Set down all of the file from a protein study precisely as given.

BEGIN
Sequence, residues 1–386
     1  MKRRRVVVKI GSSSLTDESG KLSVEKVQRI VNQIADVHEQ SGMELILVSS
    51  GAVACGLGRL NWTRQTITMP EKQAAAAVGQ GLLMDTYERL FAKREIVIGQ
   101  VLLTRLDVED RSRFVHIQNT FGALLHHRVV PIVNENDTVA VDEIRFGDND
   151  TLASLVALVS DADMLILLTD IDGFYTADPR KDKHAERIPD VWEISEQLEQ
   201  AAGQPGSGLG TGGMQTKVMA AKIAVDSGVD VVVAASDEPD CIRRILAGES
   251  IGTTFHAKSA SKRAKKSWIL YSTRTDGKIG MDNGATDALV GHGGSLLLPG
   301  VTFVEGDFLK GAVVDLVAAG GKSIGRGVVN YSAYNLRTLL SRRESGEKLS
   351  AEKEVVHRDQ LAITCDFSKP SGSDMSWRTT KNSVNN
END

Sequence, residues 1–386
     1  MKRRRVVVKI GSSSLTDESG KLSVEKVQRI VNQIADVHEQ SGMELILVSS
    51  GAVACGLGRL NWTRQTITMP EKQAAAAVGQ GLLMDTYERL FAKREIVIGQ
   101  VLLTRLDVED RSRFVHIQNT FGALLHHRVV PIVNENDTVA VDEIRFGDND
   151  TLASLVALVS DADMLILLTD IDGFYTADPR KDKHAERIPD VWEISEQLEQ
   201  AAGQPGSGLG TGGMQTKVMA AKIAVDSGVD VVVAASDEPD CIRRILAGES
   251  IGTTFHAKSA SKRAKKSWIL YSTRTDGKIG MDNGATDALV GHGGSLLLPG
   301  VTFVEGDFLK GAVVDLVAAG GKSIGRGVVN YSAYNLRTLL SRRESGEKLS
   351  AEKEVVHRDQ LAITCDFSKP SGSDMSWRTT KNSVNN